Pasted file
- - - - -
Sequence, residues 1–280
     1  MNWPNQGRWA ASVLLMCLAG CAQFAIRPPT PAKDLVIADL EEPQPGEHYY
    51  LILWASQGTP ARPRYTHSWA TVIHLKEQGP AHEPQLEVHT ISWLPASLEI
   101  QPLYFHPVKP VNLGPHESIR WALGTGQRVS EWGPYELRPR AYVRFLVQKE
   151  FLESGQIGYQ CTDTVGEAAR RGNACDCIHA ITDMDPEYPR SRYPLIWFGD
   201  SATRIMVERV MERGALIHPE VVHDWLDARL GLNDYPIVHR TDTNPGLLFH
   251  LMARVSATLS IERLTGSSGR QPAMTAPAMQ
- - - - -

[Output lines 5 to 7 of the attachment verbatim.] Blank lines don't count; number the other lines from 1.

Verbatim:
   151  FLESGQIGYQ CTDTVGEAAR RGNACDCIHA ITDMDPEYPR SRYPLIWFGD
   201  SATRIMVERV MERGALIHPE VVHDWLDARL GLNDYPIVHR TDTNPGLLFH
   251  LMARVSATLS IERLTGSSGR QPAMTAPAMQ